News and Events

CCNR Panel Explores the Refugee Crisis from a Syrian Perspective

October 15, 2015

Like millions of other Syrians, refugee Maan Abu Layla fled Syria to escape the violence in his country – especially the barrel bomb attacks from the Assad regime, but also the violence and restrictions that are a part of life in ISIS-controlled areas of the country.  

Distinguished Panel Remembers Srebrenica

October 12, 2015

During a panel discussion on the Srebrenica Genocide on October 2, Muhamed Durakovic warned that countries can disintegrate very easily. “It happens so quickly,” he said.

Fellow Jay Heung Helps Launch the Aleppo Project during His Year at CCNR

September 14, 2015

As a research fellow at the Center for Conflict, Negotiation and Recovery (CCNR), U.S Foreign Service Officer Jay Heung helped build the foundations of CCNR's Aleppo Project. The project aims to develop concrete recommendations for the eventual reconstruction of Aleppo, Syria, while taking into account the voices of those traditionally disadvantaged during the reconstruction process, such as those of refugees and women.

Lemkin Reunion Remembers Srebrenica

September 2, 2015

The School of Public Policy's Center for Conflict, Negotiation and Recovery (CCNR) is hosting the second annual Lemkin Reunion on October 2. The Lemkin Reunion was established to honor the memory of Raphael Lemkin, a Polish lawyer who is credited with first using the word genocide to denote "the destruction of a nation or an ethnic group." Lemkin, who lost 49 relatives during the Holocaust, campaigned ceaselessly during his life to develop a legal framework to define and criminalize genocide.

Aleppo Project Fellow Shaar Leads Discussion at Reception Center during Migration Course

June 10, 2015

Attending the Global Policy Academy's course on European migration policy, Aleppo Project fellow AlHakam Shaar led a discussion with his classmates and asylum seekers at the Bicske Reception Center, located about 40 kilometers outside of Budapest, Hungary. 

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CCNR Fellow presents The Aleppo Project in Beirut

May 29, 2015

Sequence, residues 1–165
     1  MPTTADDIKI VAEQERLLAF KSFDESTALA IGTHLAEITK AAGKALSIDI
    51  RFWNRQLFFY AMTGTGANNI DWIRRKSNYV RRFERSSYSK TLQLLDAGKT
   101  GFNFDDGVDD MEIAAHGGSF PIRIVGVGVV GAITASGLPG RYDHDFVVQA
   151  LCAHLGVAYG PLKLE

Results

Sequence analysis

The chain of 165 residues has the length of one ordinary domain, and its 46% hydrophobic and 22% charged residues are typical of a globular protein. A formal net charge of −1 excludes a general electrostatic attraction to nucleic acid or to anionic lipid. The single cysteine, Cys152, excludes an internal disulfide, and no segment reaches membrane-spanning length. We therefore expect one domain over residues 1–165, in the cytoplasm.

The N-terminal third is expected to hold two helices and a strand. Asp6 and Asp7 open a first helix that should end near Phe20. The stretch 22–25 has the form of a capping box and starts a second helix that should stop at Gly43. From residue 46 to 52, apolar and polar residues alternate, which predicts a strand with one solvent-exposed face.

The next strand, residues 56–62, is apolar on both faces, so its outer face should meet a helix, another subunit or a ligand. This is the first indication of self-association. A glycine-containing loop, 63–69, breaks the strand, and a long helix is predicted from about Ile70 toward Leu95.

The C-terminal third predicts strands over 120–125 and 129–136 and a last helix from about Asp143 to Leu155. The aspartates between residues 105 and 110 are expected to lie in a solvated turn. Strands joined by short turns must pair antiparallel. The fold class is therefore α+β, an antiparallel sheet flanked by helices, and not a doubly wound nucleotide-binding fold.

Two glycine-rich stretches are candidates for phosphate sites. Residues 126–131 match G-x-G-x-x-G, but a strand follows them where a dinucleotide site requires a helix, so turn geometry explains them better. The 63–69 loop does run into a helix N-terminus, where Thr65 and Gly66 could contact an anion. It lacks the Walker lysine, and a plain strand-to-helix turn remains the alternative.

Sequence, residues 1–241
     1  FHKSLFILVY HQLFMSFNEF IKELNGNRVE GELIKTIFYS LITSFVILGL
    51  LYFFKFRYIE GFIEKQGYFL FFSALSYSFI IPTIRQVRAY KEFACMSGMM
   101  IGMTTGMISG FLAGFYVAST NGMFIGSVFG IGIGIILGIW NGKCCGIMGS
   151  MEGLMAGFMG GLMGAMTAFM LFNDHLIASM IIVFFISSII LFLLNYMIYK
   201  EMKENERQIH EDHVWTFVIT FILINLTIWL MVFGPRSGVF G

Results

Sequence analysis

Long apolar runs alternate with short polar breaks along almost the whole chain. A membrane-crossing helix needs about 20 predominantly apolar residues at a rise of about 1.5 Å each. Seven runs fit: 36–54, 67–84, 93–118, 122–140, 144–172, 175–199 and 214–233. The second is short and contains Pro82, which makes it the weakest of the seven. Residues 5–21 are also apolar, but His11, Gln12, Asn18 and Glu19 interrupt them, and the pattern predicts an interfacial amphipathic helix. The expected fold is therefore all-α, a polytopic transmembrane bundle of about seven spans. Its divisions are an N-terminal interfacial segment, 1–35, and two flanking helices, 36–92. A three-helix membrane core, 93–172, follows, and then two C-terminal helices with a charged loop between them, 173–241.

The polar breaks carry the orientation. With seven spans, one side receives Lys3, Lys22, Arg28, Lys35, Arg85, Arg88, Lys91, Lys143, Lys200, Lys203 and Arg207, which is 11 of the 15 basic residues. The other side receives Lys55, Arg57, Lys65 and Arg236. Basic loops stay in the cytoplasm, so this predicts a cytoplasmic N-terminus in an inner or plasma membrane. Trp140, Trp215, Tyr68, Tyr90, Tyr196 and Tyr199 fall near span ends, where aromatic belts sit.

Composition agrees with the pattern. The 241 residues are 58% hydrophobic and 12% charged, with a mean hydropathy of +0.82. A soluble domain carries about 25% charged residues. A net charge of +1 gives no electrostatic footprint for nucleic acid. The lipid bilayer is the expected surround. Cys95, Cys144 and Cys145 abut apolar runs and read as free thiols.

Holbrooke Fellow Armenak Tokmajyan participated on behalf of CCNR's "Aleppo Project" team at a four-day conference at Haigazian University located in Beirut, Lebanon, the heart of the Middle East. The event covered a wide range of issues related to Syrian modern and contemporary history, art, literature, conflict and post-conflict reconstruction.

The Aleppo Project Digs Deeper into Post-Conflict Reconstruction Issues in Aleppo

May 8, 2015

CCNR's Aleppo Project is continuing to collect data on examples of post-conflict reconstruction to recommend best practices in preparation for the eventual reconstruction of Aleppo, Syria.

International Youth Conference Sparks Discussion on the Role of Youth in Bosnia and Herzegovina’s Transition

April 28, 2015

On April 17, the Center for Conflict, Negotiation and Recovery (CCNR), the School of Public Policy (SPP), and the Center for EU Enlargement Studies (CENS) at Central European University (CEU) hosted a one-day, student-organized international youth conference on the role of youth in Bosnia and Herzegovina's transition 20 years after the signing of the Dayton Agreement.

Popular Protest in Africa and Prospects for Political Change

April 3, 2015

"Why has Africa been left out of conversations about protests worldwide?" asked Zachariah Mampilly in a public lecture at the Center for Conflict, Negotiation and Recovery (CCNR) at the School of Public Policy on March 20. Mampilly, who is the director of Africana Studies and an associate professor of political science and international studies at Vassar College, said that since 2005 there have been popular protests in every region of Africa.

Fair Argues Pakistan is “an Army with a Country”

April 1, 2015

In a public lecture at the Center for Conflict, Negotiation and Recovery (CCNR) on March 27, C. Christine Fair discussed key findings from her recent book, Fighting to the End: The Pakistan Army's Way of War. Fair argued that Pakistan is an ideological state rather than one which is motivated primarily by security concerns.